My final observation on this is that this reminds me a bit of what happened after the fall of the Soviet Union.  There were a bunch of comparative economists around, not well known outside of their field, who knew very well how difficult the transition processes would be and cautioned about overly ambitious plans brought in from the outside in a "one size fits all" manner.  But all the pizzazz of the fall brought all sorts of very well known economists who had not  studied comparative economics into the ball game, getting ahold of the policy apparatus and developing and enforcing the destructive Washington Consensus, which led to many disasters in Eastern Europe against the advice of many of the more established but less well known comparative  economists.  This reminds me of that a bit, the advocates of carbon taxes pushing a textbook ideal  against a policy actually developed by environmental economists that has much more going for  it, especially at the global level.

Barkley Rosser


Unknown said...

Cliff Russell and I wrote about exactly this problem, in a couple of venues (Issues in Science & Technology (2002) and the Harvard International Review. A short summary is printed below and the arguments apply equally to the push to use economic instruments in service of greenhouse gas reduction:
Most nations lack the infrastructure and expertise necessary to implement the market-based strategies being recommended by the international development banks.
Most developing countries have long since established laws and formal governmental structures to address their serious environmental problems, but few have been successful in alleviating those problems. The development banks, which control resources desperately needed by the developing countries, are promoting the use of economic incentives and other market-based strategies as the key to more effective environmental protection. However, the donors have rarely asked whether the approaches they are urging, which have recently had some success in Europe and the United States, can be implemented effectively in developing countries with limited resources and little experience with market-based policies of any kind.
We worry that these highly sophisticated instruments have been pushed too hard and too fast, and that those who promote them say little about the context and conditions in which they thrive. The targets of this advice should be better informed about everything they would need to do to make market-based instruments work. Otherwise, the cause of environmental protection itself may be dealt a blow when ill-conceived policies divert a country’s energies without producing the desired result. Developing-world regulators, already marginalized in their own countries, will have little to show for their efforts in terms of a cleaner environment.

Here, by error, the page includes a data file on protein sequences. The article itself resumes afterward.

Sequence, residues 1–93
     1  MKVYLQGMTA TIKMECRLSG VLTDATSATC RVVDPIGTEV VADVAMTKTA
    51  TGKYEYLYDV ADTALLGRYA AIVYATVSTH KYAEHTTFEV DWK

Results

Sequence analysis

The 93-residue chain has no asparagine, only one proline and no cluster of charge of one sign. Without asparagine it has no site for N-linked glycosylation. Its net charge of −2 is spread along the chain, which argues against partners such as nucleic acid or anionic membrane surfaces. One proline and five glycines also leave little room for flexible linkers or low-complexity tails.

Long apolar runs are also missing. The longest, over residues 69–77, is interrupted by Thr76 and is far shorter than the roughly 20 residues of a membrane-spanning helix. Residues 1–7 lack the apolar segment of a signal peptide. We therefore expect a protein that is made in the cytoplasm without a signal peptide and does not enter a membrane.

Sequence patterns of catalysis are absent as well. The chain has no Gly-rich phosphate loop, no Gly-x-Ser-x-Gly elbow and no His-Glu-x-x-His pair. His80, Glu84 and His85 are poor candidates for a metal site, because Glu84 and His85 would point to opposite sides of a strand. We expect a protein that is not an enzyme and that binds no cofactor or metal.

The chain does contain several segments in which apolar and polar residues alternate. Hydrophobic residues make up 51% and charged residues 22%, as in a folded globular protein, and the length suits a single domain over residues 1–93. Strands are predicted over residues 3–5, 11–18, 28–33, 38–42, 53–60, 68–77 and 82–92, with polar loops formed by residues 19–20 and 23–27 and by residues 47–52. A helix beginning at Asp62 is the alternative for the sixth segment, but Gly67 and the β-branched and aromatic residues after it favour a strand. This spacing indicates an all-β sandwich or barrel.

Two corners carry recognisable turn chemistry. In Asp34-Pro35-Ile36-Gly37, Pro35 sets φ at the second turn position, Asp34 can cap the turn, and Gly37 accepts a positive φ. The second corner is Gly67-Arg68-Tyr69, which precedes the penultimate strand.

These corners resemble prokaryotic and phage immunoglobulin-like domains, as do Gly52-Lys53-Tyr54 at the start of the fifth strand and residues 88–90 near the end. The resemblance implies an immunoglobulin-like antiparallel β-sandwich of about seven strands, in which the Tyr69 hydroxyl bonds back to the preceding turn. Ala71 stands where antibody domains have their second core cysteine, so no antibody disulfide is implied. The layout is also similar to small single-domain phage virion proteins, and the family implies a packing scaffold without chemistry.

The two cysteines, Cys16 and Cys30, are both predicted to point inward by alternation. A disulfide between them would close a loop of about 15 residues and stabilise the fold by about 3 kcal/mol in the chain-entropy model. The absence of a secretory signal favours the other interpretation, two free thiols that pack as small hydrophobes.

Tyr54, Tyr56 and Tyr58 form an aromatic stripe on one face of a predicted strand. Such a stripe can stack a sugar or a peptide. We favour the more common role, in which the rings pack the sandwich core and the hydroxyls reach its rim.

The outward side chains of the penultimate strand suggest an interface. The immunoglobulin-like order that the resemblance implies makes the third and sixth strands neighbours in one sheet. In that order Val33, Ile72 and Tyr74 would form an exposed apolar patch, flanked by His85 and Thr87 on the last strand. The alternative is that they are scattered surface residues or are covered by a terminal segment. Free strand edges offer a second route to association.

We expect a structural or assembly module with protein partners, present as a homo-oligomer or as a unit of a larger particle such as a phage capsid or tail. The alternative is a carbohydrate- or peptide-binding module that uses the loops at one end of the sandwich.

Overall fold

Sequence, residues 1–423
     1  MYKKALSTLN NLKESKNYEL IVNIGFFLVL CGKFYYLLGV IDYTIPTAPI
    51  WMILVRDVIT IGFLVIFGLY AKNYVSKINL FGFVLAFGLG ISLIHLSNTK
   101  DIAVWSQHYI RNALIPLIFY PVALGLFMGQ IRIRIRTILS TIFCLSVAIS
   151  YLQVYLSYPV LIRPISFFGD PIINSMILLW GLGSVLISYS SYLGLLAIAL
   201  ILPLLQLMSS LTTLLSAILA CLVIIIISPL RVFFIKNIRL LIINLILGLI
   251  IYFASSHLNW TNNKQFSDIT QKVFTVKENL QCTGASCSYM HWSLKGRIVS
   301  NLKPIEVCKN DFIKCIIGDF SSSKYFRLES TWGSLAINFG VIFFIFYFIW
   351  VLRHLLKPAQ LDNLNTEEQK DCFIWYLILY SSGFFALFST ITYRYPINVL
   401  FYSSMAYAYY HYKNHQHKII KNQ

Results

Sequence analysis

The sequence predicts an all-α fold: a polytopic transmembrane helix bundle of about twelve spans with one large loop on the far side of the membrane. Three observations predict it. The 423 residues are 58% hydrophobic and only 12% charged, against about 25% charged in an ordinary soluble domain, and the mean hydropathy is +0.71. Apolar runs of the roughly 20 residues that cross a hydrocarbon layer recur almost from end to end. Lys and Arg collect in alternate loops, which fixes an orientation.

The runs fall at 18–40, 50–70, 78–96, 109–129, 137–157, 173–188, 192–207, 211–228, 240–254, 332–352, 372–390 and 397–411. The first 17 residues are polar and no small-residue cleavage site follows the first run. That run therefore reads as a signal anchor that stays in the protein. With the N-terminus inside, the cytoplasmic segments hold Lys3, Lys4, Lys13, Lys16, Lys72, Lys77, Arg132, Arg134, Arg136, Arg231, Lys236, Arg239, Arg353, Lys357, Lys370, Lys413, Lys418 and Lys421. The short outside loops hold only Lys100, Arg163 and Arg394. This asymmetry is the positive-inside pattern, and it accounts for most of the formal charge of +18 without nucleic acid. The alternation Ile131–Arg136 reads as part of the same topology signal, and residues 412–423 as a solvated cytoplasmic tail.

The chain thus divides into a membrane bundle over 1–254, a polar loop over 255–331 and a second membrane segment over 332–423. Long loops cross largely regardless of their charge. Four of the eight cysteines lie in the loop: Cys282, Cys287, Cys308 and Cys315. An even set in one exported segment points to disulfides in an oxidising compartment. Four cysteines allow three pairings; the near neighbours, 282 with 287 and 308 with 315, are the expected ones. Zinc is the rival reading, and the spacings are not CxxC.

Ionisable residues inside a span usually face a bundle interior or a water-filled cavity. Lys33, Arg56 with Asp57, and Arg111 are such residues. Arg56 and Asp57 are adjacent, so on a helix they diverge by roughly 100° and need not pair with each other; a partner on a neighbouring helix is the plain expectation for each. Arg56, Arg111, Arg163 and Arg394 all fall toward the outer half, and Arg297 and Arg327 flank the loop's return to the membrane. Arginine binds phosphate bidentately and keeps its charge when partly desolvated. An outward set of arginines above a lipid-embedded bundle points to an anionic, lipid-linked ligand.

Before imposing a regulatory strategy on the developing world, we should review the experience of the industrialized countries and others that have implemented market-based policies. How extensive is the experience? How successful? What have we learned about the conditions necessary for effective market-based policies? Then we will be ready to consider when and where these policies are likely to work in the developing world.

Peter Dorman said...

Good post, Barkley. I especially like your second point.

Let me add something more to the first, about uncertainty. Whenever you see a textbook demonstration of Pigovian taxes, or just about anything else for that matter, you see supply and demand curves drawn across P/Q space, end to end. Guess what? We have no idea where these curves are located, what their slopes are, or even (incredibly) whether they exist (due to interaction effects through which changes in P and Q can react back on the underlying functions). It's just a heuristic device, folks -- a good one, but little more.

What we do know, of course, are elasticities, the effects of small perturbations in the environment of each relationship. If the elasticities are stable we can use them to extrapolate a bit to larger perturbations. But the kinds of changes we are talking about with climate policy, phasing out fossil fuels in the space of a generation or two, are way, way beyond the zone of reasonable extrapolation. We really have no idea (a) what the P-Q relationships are going to look like down the road or (b) how nonconvexities in the underlying cost and preference sets are going to play out in tipping points and discontinuities.

This is Barkley's terrain far more than mine, but it needs to be voiced loudly and often. The uncertainty we are dealing with is truly immense.

Whether we go the P route (taxes) or the Q route (permits), or some crafty combination of the two, we will have to establish a framework of adaptive management with prompt feedback from the emerging consequences of policy back into recalibration of policy. said...

Thanks, Peter, completely agree.


A week ago today I had a long discussion in person with Thomas Schelling, one of the first (after Nordhaus) economists to seriously look at global warming as part of a NAS panel and since. He is an advocate of carbon taxes, but not hardline about it.